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London-based Marks Barfield architects is using Gehry Technologies Digital Project (DP) technology to enhance tourist attractions in this iconic world city.

Located on the bank of the Thames as it flows through one of the worldÝs leading tourist cities, the London Eye is an iconic and world-renowned structure.

The use of inverse kinematics enabled the optimum location of pylons and the chain of bridge sections that link them together into a 200m tree top tour at Kew Gardens.

The Eye was designed and recently sold by Marks Barfield architects. The London-based firm is well-known for its iconic designs. It was instrumental in the newly-opened Treetop Walkway at Kew Botanical Gardens and is currently working on an 170 m vertical pier on the Brighton seafront, where the popular and historic West Pier was previously located. A circular chamber will raise 170 people at a time to thrill at the spectacular views that i360, as it has been named, offers.

The company combines design creativity and engineering in ways that attract millions of visitors to the UK every year. Chris Smiles, associate at Marks Barfield, explains: ýOur practice develops unique propositions that combine multiple and interconnected functions of design, engineering, commercial and structural considerations including ground engineering, aerodynamics and deflection along with support analysis and complex mechanisms.¯

The firm uses Gehry Technologies Digital Project (DP) technology, supplied by UK VAR, Desktop Engineering. Chris Smiles says: ýWe have been using Digital Project for two years and found that its parametric functionality allows us to rationalise designs taking all of these considerations into account. This is crucial because our designs have a primary reliance on mechanical and structural analysis and because of this, a great number of changes inevitably occur before a final solution is achieved.¯

Group ticket

Marks Barfield has seven employees trained to use DP and has benefited from support in this and other routes to best practice from Desktop Engineering (DTE) which, with its multi-industry customer base is able to deliver the most appropriate methods from aerospace and automotive engineering to the AEC sector.

DTE managing director Geoff Haines says: ýDP was developed from Dassault Syst?mes Catia technology by Gehry Technologies to deliver advanced design-to-manufacture technology to architects and structural engineers. It is enjoying considerable success among leading practices including Arup, Zaha Hadid, SOM, Allies and Morrison, where parametric 3D-based model technology secures a better outcome from better designs.¯

Having produced a finished design DP is used to communicate to fabricators, contractors and detailers using formats best-suited to their work practices. Designer, Yan Gao spoke about this aspect of the process: ýThe ability to communicate to our supply chain is crucial to ensure that our design intentions are realised in the final structure and that inputs from consultants are efficiently rationalised and communicated in the design.¯


Chris Smiles adds: ýAccurate and timely communication of design iterations and their impact on the final form allows us to make better decisions that are based on more complete and precise information. This provides more design options and greater flexibility. DP effectively keeps you in the picture.¯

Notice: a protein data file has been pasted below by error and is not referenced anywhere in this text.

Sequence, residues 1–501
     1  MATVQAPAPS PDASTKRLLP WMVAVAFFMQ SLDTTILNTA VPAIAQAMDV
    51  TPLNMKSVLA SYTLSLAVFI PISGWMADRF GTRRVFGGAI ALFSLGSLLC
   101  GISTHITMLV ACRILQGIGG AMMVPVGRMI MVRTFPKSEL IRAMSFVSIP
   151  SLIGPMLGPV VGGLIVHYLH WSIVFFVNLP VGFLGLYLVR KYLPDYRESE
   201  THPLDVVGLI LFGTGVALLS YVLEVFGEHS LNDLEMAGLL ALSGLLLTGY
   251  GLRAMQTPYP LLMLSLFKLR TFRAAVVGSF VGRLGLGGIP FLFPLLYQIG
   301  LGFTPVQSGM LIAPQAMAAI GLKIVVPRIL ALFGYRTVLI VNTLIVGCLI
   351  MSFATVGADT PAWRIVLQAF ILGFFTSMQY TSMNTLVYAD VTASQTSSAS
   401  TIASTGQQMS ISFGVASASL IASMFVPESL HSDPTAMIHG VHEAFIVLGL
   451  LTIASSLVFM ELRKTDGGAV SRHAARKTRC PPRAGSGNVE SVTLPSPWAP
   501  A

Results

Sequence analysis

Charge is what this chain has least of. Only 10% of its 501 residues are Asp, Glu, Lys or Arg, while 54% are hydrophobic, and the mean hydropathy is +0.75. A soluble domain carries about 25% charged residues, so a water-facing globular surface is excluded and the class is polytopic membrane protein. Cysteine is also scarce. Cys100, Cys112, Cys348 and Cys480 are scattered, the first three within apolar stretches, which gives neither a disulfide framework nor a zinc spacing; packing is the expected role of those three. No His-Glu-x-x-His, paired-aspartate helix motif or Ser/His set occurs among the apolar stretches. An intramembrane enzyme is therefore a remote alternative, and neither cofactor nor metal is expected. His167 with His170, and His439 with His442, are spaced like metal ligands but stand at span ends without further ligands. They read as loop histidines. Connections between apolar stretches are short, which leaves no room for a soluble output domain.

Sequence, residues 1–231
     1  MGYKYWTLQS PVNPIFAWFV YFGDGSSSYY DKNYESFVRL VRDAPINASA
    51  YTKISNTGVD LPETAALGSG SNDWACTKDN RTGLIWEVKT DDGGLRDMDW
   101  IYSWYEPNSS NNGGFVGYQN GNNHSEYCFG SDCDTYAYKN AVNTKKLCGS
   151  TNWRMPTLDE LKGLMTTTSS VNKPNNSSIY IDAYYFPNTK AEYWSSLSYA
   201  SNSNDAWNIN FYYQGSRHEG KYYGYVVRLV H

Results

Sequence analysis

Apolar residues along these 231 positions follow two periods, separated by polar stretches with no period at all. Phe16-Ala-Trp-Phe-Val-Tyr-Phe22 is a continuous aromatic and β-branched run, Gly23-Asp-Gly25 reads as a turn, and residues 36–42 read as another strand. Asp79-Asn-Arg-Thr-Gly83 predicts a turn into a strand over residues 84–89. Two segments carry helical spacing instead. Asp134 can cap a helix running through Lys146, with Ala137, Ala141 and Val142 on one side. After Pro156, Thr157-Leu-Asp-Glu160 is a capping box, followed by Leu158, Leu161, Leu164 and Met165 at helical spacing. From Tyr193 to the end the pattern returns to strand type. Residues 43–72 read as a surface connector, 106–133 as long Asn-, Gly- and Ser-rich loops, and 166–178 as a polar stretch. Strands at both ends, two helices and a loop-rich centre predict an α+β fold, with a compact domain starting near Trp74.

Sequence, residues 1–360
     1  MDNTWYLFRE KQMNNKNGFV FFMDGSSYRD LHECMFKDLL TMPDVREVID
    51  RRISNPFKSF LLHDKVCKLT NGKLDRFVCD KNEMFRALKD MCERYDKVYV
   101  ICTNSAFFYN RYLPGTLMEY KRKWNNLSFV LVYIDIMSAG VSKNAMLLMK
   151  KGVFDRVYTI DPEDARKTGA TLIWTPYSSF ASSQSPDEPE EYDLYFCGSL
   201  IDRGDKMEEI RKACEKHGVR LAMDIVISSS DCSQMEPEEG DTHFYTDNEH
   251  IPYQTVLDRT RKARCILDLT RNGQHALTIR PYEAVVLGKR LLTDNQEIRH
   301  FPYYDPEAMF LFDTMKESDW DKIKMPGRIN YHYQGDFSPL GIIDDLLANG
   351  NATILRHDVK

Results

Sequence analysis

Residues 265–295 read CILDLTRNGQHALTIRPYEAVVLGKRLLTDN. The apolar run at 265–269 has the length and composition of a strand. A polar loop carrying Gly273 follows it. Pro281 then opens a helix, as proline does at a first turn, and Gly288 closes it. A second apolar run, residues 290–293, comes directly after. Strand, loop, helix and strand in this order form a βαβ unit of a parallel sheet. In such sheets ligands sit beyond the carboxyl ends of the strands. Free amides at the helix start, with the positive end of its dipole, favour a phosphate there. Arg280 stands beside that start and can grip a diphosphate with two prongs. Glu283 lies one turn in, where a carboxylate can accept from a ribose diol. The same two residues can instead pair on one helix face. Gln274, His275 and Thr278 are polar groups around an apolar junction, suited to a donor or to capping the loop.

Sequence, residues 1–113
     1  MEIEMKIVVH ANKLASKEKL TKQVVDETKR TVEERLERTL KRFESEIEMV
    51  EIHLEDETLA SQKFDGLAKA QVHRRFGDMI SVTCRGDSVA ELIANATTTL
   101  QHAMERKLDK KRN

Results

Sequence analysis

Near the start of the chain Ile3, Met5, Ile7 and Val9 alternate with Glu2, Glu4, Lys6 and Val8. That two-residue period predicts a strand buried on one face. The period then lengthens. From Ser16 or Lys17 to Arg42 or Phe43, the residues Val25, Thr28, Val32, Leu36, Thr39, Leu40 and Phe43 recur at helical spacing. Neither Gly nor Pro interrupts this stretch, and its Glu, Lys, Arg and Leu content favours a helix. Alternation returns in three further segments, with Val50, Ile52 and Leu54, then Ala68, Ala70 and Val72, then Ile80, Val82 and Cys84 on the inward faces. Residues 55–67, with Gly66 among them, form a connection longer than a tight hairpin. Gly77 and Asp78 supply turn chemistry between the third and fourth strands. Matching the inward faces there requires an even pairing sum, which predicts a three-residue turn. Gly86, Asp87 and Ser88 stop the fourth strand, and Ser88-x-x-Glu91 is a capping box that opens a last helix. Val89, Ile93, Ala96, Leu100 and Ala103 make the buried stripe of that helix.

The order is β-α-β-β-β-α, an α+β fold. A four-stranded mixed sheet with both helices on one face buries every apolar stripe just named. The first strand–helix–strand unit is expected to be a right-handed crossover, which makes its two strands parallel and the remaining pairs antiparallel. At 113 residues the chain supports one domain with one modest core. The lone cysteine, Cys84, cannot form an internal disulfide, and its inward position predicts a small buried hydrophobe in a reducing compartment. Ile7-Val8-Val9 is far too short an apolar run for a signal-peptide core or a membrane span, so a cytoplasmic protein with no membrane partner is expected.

Branch and root review

One example of the efficient use of DP is found in the development of the Kew Gardens Tree Top Walkway where the use of inverse kinematics enabled the optimum location of pylons and the chain of bridge sections that link them together into a 200 m tree top tour.

There were many constraints in the project not least having to avoid damaging the roots of nearby trees, which had been previously mapped using radar. The parametric capabilities of DP allowed the design elements to act in a symbiotic relationship. This enabled the designers to move one element and have others react to the change logically and within the design constraints that the overall scheme demanded.

DP methodology also allowed the walkwayÝs bill of materials to be reduced through standardisation of components and this in turn reduced project completion time to just nine months.

Yan Gao says: ýOur experience of DP is that it increases design productivity by 30 percent to 40 percent, allowing us to meet tight deadlines and bring in contractors much earlier than otherwise possible.

ýThat enables concurrent working practice by allowing contractors to start their work sooner.

ýThis brought particular dividends in the design and fabrication of the complex trifurcated pylon design, which could not have been easily resolved using traditional methods since it required input from several parties and resulted in many design iterations. Without DP this would have demanded a much greater resource and increased the total project cost.¯

Another example of the benefits that have been derived from this technology is found in the Rhizotron ¾ a subterranean space that allows visitors to see tree roots. Its inclined concrete surfaces could not be communicated using traditional techniques. With DP and its 3D imagery the buildingÝs fluid lines could be understood and built without compromising the design.

Marks Barfield is making full use of DP to design and build more attractions on a grand scale; i360 being next. As a practice that has strongly focussed on sustainable design DP helps by enabling a better use of resources with less waste, facilitating designs that reflect and communicate this vision.

Desktop Engineering: www.DTE.co.uk
Dassault Syst?mes: www.3ds.com
Marks Barfield: www.marksbarfield.co.uk


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